The newly found ice surfaces are included within the first glacier inventory of Cordillera Darwin. The CECs glaciology team also made precise measurements of glacier retreat at this icefield, located in Chile’s Southern Austral region.
Figure 1. Frontal variations of Marinelli Glacier since 1913
The published work by CECs glaciologists Francisca Bown, Andrés Rivera y Claudio Bravo, together with Pablo Zenteno and Fiona Cawkwell, provides a cadastre of glaciers of the major mountain centres south of the Strait of Magellan (54°S). This includes Cordillera Darwin and Monte Sarmiento (both on the main island, Isla Grande of Tierra del Fuego), Santa Inés Island and Hoste Island.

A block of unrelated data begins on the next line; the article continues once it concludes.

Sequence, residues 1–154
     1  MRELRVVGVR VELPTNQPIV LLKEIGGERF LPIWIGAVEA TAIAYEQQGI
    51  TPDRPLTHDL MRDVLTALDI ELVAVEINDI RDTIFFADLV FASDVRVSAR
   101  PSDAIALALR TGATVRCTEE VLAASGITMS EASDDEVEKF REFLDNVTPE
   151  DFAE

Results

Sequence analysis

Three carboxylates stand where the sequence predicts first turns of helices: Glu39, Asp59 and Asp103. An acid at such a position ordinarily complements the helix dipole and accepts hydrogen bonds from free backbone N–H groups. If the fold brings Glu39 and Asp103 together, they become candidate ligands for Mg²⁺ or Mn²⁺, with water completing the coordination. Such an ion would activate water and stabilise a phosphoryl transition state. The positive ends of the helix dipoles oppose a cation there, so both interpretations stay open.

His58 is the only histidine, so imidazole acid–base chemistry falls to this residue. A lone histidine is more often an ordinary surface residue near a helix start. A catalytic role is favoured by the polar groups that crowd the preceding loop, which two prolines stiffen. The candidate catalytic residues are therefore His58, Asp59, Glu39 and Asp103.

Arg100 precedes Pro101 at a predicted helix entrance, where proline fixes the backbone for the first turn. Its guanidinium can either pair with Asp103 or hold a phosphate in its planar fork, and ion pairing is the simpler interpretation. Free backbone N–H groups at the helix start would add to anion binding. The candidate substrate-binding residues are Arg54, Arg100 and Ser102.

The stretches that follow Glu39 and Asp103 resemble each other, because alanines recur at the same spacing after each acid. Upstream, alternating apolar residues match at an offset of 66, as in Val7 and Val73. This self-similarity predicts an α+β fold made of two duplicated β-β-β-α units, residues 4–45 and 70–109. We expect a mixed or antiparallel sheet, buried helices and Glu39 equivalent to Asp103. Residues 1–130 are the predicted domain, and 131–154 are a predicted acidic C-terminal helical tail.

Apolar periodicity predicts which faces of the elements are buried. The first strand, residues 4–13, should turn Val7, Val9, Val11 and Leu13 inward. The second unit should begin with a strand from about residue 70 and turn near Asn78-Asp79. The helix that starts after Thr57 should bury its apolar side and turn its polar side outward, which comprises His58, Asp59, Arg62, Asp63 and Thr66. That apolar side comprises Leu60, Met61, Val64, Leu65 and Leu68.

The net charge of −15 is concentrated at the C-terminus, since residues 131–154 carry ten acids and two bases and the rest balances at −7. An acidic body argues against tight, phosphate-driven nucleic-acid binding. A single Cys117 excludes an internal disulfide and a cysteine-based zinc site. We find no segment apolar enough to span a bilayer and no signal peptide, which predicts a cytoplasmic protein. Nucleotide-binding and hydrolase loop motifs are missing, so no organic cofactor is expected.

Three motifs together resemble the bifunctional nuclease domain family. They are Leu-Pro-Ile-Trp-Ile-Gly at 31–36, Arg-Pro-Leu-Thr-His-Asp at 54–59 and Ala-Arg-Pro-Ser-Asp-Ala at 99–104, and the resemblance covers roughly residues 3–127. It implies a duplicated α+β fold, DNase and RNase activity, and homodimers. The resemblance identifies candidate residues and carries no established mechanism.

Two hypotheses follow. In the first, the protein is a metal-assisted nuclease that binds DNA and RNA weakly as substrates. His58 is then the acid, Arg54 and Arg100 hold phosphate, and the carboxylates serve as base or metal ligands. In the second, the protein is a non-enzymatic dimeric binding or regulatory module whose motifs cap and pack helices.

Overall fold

A total of 1,681 glaciers were accounted in the inventory, amounting to a total ice cover of 3,289.5 km2. Previous estimates in this region indicated an ice cover of only 2,500 km2, which implies an additional finding of 789 square kilometres of glaciers. This is not attributable to glacier advance, but is a result of more precise glacier delineation as explained in this research, published as book chapter in “GLIMS: Global Land Ice Measurements from Space”, which is based on modern satellite images unlike previous studies where former data collection techniques were employed. Satellite imagery also reveals glacier trends in this region. A striking example is Marinelli Glacier (Figure 1) which has undergone a 15 km-retreat since 1913. Retreats are also registered for Conway and Schiaparelli glaciers, which were photographed by young Charles Darwin during his voyage onboard the HMS Adventure and Beagle between 1826 and 1836.